Friday, May 20, 2022

BESA updates air quality guidance to mirror WHO targets

The Building Engineering Services Association (BESA) has updated technical guidance designed to help building managers improve the health, well-being, and productivity of occupants. 

Its revised ‘Guide to Good Practice: Indoor Air Quality for Health & Well-being(H&W002) now reflects tougher targets set by the World Health Organisation (WHO) which revised its own air quality advice last year. It also follows BESA’s call for the UK to “be more ambitious” with proposed national air quality standards due to come into law this year. 

The revised guidance has been completed in time for National Clean Air Day 2022 on June 16 and the Association’s head of technical Graeme Fox said it was vital to raise public awareness about the specific challenge posed by Indoor Air Quality (IAQ). 

The pandemic has raised the profile of the role IAQ plays in human health and well-being, but there is still a lack of understanding about how that can be translated into practical measures like improving building ventilation and filtration,” he said. 

It is also important that the industry is following the latest scientific research on this critical life safety issue, which is why we have brought our guidance into line with the WHO’s advice.” 

The WHO, which blamed exposure to pollution for seven million premature deaths a year worldwide, slashed its recommended maximum levels for several pollutants, including particulate matter (PM) and nitrogen dioxide (NO2) saying there was “clear evidence” that air pollution harmed human health “at even lower concentrations than previously understood”. 

Threat 
It advised its 194 member countries to consider air pollution to be as big a threat to human health and well-being as climate change. It said its updated guidance was the product of five years of reviews carried out by dozens of scientists, who looked at over 500 separate studies. 

As a result, it adjusted almost all of its previous maximum target levels for airborne pollutants downwards. It linked long-term exposure to even relatively low concentrations of ambient and household air pollution to lung cancer, heart disease, and strokes – putting the health impact of pollution on a par with poor diet and smoking while making it a bigger killer than car crashes.  

It halved the recommended limit for average annual exposure to PM2.5 from 10 micrograms per cubic metre (µg/m3) to five – and lowered the recommended limit for PM10 from 20 to 15 µg/m3.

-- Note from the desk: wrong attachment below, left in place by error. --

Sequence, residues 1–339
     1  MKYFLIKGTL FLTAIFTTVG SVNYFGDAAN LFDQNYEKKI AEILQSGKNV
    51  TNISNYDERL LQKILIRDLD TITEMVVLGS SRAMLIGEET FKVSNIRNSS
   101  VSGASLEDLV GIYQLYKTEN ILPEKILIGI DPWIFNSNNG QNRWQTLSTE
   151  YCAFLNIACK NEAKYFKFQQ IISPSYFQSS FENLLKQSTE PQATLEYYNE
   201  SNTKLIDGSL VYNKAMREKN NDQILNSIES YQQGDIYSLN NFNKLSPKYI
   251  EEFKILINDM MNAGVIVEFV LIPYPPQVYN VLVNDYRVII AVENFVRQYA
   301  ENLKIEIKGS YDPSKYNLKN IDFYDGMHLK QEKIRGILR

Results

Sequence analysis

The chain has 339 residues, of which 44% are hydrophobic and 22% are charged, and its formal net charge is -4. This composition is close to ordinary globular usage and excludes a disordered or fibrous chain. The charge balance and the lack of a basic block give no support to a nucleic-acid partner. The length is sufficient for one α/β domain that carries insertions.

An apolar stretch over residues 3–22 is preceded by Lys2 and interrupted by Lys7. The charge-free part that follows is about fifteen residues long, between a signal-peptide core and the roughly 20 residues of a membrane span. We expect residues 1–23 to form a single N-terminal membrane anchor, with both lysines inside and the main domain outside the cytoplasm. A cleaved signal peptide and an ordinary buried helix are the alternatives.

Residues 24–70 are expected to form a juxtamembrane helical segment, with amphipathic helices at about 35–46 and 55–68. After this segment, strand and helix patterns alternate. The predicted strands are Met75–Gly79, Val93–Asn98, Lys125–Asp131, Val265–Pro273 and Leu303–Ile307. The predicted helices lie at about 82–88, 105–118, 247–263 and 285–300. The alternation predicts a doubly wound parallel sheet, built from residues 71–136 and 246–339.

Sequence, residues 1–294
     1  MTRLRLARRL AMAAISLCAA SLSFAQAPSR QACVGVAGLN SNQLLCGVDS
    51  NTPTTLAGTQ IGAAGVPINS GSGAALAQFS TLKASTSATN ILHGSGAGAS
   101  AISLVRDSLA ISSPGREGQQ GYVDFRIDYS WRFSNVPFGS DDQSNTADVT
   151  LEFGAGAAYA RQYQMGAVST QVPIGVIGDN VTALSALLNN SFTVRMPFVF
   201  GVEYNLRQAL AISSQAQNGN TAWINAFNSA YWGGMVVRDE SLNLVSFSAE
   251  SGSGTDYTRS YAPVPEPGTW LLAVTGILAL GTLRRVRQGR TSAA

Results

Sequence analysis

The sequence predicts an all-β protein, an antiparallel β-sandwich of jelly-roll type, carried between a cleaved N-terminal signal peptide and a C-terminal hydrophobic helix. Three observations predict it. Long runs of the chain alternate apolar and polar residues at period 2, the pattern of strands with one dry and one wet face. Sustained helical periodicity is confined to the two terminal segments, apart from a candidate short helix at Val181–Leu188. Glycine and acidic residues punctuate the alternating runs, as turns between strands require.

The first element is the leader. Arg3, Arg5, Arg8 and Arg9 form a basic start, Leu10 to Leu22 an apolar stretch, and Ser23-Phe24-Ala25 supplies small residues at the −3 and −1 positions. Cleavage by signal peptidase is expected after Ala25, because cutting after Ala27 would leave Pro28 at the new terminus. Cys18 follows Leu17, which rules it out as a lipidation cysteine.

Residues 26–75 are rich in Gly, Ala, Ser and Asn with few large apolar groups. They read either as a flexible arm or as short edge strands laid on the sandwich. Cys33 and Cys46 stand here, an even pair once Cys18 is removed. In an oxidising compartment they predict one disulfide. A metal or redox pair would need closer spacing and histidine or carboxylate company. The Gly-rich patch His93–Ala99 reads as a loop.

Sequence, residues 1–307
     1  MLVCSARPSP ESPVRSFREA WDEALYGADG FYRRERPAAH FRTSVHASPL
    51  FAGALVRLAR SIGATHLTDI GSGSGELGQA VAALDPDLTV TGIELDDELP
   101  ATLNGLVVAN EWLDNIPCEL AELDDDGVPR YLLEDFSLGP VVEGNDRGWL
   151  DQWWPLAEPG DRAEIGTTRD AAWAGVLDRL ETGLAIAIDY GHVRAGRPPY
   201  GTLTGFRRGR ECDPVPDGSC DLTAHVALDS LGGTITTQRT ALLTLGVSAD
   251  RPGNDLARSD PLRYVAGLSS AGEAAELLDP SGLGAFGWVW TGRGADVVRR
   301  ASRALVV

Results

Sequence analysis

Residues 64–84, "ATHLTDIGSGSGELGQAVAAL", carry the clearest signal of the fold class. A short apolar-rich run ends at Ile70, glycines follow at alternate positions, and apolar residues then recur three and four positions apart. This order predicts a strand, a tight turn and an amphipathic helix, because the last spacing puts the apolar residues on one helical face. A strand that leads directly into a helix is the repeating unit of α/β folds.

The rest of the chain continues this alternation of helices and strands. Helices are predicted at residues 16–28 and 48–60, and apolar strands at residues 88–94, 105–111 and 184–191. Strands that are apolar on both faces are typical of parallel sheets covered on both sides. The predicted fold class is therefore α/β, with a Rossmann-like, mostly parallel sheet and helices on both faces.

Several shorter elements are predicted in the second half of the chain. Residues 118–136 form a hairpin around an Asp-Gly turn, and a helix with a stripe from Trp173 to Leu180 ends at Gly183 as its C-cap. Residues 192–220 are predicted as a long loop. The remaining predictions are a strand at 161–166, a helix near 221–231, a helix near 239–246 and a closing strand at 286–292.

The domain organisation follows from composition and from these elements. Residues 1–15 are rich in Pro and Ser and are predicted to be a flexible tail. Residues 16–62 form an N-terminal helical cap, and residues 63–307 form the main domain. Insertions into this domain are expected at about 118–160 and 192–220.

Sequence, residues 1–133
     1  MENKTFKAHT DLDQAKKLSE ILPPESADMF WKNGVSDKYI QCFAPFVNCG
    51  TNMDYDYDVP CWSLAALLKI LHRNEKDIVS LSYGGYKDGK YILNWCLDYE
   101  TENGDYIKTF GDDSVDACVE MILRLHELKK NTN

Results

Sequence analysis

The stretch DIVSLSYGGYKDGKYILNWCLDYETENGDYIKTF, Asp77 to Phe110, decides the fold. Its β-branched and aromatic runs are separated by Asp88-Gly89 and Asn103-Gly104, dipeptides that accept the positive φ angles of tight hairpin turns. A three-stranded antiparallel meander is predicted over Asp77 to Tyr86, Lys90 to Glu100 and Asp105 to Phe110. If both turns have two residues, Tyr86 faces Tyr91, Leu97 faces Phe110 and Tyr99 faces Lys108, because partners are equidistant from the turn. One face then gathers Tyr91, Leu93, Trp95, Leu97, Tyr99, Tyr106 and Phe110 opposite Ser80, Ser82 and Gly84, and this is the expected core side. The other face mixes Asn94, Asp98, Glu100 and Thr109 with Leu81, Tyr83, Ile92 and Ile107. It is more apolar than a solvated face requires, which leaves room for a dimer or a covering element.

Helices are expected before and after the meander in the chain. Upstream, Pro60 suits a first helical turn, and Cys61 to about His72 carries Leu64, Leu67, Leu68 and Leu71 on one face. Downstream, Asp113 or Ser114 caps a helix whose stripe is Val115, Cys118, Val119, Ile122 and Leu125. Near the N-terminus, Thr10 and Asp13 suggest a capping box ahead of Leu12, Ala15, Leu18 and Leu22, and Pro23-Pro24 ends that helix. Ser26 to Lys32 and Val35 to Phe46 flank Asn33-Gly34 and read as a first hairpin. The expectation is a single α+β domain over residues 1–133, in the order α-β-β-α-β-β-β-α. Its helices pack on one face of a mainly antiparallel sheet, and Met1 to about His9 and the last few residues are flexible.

However, a DEFRA consultation on UK national air quality targets to be implemented as part of the new Environment Act, proposed a “headline targetthat is double the level recommended by the WHO and would not be achieved until 2040. 

“Numerous studies have shown that PM2.5 contributes to heart attacks and strokes – and increases the risk of severe asthma attacks and lung cancer,” said Nathan Wood, chair of BESA’s Health & Well-being in Buildings Group. 

“We need to go further and faster. Surely, our national targets should be aligned with the WHO’s advice. Also, setting a goal 18 years into the future condemns another whole generation of children to impaired lung function and increasingly severe asthma attacks.” 

BESA’s guidance focuses on practical measures to tackle the specific challenge of reducing airborne contaminants inside buildings. It points out that, as people spend more than 90% of their time indoors, it is increasingly urgent that more time and money is spent on addressing IAQ. 

As well as setting more ambitious targets for reducing general pollution, the Association believes the government should set specific targets for IAQ so that buildings can become ‘safe havens’ that protect occupants while the longer-term work of cleaning up the external environment goes on. 

Outdoor, ambient air pollution guidance levels as adopted by governments are usually based on calculations of population level mortality and morbidity, tempered by considerations of what is regarded as economically feasible. This means that there is a compromise made against ideal levels of health and well-being,” the introduction to the updated BESA guide states. 

Safe haven 
By contrast, a health and well-being approach is founded on the belief that the productivity and enjoyment of a space is further enhanced by good IAQ. Furthermore, this guide takes the approach that building occupants rightly expect indoor conditions to be better than outdoor conditions – that buildings should provide a Safe Haven. 

It points out that the cocktail of outdoor pollution and sources of indoor contamination make IAQ a complex challenge that requires the measuring, monitoring and mitigation of a range of airborne substances including CO2, NOx, ozone, radon, along with particulate matter (PM2.5 and below) 

The updated guide H&W002 is one of three pieces of free guidance produced by BESA since the start of the pandemic. It is encouraging the government to use these resources to set legally binding performance standards including safe ventilation rates and lower threshold levels for specific pollutants. 

“The Environment Act could be a vehicle for setting a new standard for health and well-being inside buildings for future generations,” said Wood. “The government simply cannot afford to miss this opportunity to progress essential and readily available measures that can protect health. 

We are all extremely grateful to the BESA committee, headed by Craig Booth, for its hard work in putting together both last year’s version and this newly updated and hugely valuable guidance.” 

All three guides can be downloaded for free from: www.theBESA.com/iaq 

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